Another workshop project has just been completed. I do not even know what it is called or what it would be used for, but for a lack of a better name I'll call it a Quadra-Hexa Thing because it has a four arm rotor on one end and six arm rotor on the other. Inspiration to build it came from looking at pictures of mechanical mechanisms. This thing uses ideas from two similar mechanisms incorporated into one.
Construction started by sawing a couple chunks out of 3/4" thick aluminum plate for the larger rotors.
Then to the rotary table on the milling machine to finish the arms.
The small rotors were milled out of solid 416 stainless steel bar. They are not very big, but time intensive because so many different surfaces requiring different setups.
The bearing standards were fabricated out of steel brazed together.
A coat of paint and a walnut base and it was finished as seen in the first picture.
It will rotate in either direction, and by turning the crank at either end. I was surprised how smooth it operates.
If nothing else I suppose it would make a good desk toy. It is fascinating to turn the cranks and watch the action.
For something completely different this time I picked a water ram. They use the energy of running water to pump a portion of it to a higher location where it is needed. Although they are seldom seen, they are still in use in remote areas. This one of course is just a tiny working model standing only about 5" high.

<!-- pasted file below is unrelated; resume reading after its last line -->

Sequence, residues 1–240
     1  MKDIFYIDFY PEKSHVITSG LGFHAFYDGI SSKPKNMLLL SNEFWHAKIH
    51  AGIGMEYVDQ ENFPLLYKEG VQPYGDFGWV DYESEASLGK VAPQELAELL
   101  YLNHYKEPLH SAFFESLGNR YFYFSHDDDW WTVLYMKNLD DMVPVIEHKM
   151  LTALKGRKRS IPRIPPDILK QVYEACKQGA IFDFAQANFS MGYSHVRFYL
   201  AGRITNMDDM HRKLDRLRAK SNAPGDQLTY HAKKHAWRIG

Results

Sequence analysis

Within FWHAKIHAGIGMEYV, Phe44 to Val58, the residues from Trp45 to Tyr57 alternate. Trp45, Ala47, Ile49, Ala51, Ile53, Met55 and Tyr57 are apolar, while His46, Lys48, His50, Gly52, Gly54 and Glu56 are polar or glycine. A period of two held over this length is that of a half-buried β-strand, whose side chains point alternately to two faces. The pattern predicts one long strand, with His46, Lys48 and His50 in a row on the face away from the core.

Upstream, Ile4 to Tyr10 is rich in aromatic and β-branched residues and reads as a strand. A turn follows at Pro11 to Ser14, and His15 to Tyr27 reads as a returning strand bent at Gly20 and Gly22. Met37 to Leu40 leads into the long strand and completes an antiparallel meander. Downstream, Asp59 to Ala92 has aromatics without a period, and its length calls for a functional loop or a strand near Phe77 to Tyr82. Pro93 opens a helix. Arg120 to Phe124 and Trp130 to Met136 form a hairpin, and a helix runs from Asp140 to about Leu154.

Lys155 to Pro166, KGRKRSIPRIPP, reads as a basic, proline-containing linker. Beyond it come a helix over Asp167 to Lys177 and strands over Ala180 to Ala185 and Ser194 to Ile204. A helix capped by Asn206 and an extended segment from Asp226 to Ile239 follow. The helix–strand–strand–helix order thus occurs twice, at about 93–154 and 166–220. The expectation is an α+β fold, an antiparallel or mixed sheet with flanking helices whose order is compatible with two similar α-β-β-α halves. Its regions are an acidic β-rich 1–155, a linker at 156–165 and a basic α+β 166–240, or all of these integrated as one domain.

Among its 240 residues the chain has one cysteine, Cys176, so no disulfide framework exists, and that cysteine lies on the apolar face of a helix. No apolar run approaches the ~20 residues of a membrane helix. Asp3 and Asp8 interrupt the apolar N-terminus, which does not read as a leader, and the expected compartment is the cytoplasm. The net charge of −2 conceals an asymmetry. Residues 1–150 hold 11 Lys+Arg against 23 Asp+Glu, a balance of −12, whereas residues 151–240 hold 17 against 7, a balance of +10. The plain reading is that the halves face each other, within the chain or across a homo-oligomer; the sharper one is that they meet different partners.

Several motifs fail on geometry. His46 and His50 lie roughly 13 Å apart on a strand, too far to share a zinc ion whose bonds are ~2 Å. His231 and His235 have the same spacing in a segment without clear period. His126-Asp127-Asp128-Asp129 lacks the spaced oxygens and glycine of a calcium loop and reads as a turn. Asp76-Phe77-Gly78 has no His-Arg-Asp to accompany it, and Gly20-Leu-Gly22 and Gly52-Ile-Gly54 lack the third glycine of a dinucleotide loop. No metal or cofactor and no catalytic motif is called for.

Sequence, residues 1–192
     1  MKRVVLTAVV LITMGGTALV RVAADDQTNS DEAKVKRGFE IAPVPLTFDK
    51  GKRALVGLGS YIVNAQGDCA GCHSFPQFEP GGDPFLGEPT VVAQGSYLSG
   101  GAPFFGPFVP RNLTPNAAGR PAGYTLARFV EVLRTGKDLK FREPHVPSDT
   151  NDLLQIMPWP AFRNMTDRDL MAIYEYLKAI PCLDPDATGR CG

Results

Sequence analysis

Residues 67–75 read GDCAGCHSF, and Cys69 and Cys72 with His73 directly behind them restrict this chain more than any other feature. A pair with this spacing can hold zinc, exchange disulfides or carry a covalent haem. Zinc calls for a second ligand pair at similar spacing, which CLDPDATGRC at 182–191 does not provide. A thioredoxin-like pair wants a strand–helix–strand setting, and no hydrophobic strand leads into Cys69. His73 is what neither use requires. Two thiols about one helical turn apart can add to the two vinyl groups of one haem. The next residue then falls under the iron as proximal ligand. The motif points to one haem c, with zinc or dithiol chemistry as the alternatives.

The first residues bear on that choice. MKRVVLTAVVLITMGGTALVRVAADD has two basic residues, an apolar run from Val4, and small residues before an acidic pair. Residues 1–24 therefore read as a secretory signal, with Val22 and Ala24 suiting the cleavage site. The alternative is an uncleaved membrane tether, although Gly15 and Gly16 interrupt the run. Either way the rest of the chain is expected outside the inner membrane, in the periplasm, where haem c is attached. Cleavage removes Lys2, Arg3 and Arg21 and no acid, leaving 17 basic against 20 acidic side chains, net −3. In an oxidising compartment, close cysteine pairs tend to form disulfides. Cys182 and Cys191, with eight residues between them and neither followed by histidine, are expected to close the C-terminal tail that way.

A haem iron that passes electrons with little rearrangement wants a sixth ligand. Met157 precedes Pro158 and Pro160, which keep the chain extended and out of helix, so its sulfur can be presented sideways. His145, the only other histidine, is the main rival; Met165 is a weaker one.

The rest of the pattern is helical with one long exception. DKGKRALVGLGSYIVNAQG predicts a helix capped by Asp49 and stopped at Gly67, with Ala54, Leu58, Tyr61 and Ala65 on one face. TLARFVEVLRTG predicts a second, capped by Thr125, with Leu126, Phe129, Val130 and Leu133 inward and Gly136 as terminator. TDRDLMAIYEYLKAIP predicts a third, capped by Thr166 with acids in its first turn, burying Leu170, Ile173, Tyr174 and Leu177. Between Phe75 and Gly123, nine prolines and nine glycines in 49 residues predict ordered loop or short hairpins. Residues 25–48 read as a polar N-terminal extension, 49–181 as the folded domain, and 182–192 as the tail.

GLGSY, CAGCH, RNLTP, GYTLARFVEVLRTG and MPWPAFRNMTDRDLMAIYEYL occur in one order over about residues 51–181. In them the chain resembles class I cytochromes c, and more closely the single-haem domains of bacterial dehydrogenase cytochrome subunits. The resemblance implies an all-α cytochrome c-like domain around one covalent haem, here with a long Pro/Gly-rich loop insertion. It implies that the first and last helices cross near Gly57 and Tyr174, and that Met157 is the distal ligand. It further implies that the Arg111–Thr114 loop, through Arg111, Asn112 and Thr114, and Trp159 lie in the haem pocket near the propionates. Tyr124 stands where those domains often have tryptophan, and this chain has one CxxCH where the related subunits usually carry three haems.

It started by finding a suitable looking picture. It is a little difficult to read, but the lettering on the prototype reads "The Gould Mfg Co". Two patterns and a core box were required, as can be seen in the above picture.
This picture shows the sand mold with the core in place prior to putting the cope in place to pour the castings. After pouring the casting the sand core is removed leaving the pressure dome hollow.
Here the molten aluminum is being poured into the mold. Extra castings were poured in case there was a defect I would not have to do it over again. They all turned out OK.
With castings in hand the machining started. A few parts or operations each day until it was complete. Then came the testing to see if it would work. At first it would not, but after a couple minor changes and adjustments it took of doing what water rams do, Pump Water. Take a look!
The water supply for this model simply comes from a plastic bucket. A prototype would be placed near a stream.